The Massachusetts State Legislature recently passed a bill that would set aside $17 million for the repair or removal of unsafe, abandoned dams or dams that have outlived their usefulness. This bill should make it easier for cities and towns to repair or remove weakening dams or seawalls.
The bill would require emergency plans be created for all dams that are inspected and found to be at a high or significant hazard of failure. The bill would also set up a State Revolving Loan Fund, similar to what is in place for Clean Water projects, to provide low-interest loans to private dam owners and to cities and towns to inspect, repair and remove dams.
In addition to the inland dam provisions of the bill, a portion of the money will also go towards coastal infrastructure improvements, including jetties, retaining walls and levies. A report from the Department of Conservation and Recreation had identified $1 billion in needed repairs to over 140 miles of sea walls on Massachusetts' coast.
The bill will help improve the health of rivers and the marine wildlife by restoring the natural flow of waterways that have been blocked by dams that have outlived their usefulness.
The last notable provision of the bill is that it will set up an inspection schedule to ensure that all "high hazard dams" are inspected at least every two years and all "significant hazard dam" are inspected at least every five years.
For questions or more information about dam inspections and dam safety, please contact Mark S. Bartlett at (508) 747-7900 extension 131.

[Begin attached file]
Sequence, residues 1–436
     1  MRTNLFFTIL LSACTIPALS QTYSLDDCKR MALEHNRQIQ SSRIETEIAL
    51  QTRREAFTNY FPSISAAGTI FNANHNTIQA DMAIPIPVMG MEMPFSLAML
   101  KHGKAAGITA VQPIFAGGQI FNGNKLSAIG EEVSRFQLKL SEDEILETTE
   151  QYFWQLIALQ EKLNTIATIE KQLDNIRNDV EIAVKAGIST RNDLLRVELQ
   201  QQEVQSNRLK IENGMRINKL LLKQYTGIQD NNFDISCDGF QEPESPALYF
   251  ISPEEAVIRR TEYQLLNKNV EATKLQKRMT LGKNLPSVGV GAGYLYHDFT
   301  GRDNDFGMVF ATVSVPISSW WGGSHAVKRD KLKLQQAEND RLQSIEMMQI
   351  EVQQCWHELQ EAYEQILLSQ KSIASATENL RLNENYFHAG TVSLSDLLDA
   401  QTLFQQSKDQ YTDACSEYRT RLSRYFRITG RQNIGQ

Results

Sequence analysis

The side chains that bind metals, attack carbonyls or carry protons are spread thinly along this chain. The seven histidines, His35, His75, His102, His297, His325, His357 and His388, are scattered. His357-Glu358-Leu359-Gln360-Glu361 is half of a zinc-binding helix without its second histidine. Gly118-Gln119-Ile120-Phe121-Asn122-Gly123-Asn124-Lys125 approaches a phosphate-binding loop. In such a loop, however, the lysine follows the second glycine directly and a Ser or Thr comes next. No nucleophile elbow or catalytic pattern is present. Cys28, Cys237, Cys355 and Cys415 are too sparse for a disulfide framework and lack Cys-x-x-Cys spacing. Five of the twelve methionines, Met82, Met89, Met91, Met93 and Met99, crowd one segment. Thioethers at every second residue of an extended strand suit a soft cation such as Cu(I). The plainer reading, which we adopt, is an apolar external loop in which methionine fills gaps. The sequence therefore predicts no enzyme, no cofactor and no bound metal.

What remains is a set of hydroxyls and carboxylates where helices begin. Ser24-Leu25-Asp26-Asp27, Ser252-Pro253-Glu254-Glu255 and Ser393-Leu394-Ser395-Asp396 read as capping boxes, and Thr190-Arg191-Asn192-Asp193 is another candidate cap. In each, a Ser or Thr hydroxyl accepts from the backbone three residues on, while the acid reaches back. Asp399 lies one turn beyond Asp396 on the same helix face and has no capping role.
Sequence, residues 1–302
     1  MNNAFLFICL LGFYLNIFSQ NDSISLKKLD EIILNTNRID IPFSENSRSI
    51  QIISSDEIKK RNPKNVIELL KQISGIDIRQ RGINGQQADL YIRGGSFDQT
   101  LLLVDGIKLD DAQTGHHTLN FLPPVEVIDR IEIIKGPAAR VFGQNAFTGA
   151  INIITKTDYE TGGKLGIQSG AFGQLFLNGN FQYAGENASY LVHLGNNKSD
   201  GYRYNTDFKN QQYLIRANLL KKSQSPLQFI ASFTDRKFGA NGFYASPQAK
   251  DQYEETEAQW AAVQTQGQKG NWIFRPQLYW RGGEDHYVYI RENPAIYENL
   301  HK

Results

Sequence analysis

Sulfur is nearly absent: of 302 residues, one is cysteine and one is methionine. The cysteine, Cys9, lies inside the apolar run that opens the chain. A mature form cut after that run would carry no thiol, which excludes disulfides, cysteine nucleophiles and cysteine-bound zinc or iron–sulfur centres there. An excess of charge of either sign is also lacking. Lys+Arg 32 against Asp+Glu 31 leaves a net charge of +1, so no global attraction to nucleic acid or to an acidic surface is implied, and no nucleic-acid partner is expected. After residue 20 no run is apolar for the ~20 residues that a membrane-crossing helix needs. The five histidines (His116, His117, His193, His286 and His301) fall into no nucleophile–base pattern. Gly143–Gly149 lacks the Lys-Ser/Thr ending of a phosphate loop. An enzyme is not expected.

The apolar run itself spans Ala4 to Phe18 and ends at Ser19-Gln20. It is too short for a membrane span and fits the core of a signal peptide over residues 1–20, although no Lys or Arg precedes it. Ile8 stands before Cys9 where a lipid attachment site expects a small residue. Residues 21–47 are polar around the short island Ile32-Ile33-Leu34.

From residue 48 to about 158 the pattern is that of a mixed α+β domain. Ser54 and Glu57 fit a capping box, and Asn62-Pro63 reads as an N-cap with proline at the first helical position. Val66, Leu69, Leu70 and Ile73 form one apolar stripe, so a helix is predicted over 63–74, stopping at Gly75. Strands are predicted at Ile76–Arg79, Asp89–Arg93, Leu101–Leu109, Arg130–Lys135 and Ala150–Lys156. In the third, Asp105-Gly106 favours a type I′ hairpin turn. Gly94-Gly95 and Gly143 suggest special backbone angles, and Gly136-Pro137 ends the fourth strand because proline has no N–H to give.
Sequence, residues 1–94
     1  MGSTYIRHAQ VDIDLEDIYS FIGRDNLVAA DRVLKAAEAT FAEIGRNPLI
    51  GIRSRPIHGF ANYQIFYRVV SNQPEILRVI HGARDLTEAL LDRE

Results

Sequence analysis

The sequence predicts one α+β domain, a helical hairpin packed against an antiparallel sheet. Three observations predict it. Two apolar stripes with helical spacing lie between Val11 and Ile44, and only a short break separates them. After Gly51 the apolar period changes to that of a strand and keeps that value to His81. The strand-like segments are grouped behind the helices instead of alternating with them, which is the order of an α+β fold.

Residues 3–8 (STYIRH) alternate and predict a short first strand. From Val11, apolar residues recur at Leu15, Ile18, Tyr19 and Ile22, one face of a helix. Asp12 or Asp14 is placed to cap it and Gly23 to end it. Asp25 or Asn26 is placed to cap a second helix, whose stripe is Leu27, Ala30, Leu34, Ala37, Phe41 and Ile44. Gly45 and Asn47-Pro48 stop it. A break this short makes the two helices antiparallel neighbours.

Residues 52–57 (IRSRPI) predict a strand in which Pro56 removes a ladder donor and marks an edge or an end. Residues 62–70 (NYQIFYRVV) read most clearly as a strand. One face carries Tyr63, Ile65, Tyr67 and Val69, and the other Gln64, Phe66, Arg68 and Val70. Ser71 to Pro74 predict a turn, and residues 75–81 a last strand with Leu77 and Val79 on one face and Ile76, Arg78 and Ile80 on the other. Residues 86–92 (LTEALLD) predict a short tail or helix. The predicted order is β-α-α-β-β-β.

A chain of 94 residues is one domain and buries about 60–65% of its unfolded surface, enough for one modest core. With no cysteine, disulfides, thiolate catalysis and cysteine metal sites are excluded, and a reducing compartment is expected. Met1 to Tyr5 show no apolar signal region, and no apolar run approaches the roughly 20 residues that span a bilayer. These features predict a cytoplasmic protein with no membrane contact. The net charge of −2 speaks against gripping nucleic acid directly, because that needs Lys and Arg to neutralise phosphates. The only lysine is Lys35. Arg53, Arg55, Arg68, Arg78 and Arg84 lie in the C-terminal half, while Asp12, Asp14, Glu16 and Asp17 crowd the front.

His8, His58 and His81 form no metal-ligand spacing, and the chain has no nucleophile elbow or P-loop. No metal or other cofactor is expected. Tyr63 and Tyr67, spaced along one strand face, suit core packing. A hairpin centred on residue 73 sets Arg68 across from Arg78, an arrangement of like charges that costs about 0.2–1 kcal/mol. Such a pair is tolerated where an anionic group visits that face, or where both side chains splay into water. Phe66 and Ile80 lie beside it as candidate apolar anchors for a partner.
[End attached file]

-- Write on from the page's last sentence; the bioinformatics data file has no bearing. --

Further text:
Information for this post taken from a January 1, 2013 Cape Cod Times article entitled "Mass. lawmakers OK bill to repair, remove old dams" by Steve LeBlanc of the Associated Press and a January 2, 2013 article in the Boston Globe titled "Mass OK's bill to fund seawalls, dam work" by Kathy McCabe.
While this spring has been relatively dry, springtime usually brings lots of rainfall and late april and early may is typically the time of year when the groundwater levels are highest. These two factors work together to cause groundwater intrusion and basement flooding.
The problem with wet basements (aside from the actual damage caused by the water) is that each case is unique and there is no one solution fits all. For some people, installing a sump pit and a sump pump is all the is needed, for others, hiring a basement contractor will fix the problem. For recurring persistent flooding issues, a site-specific engineered solution may be what is needed. An engineered solution can target the cause of the flooding and address it at its source.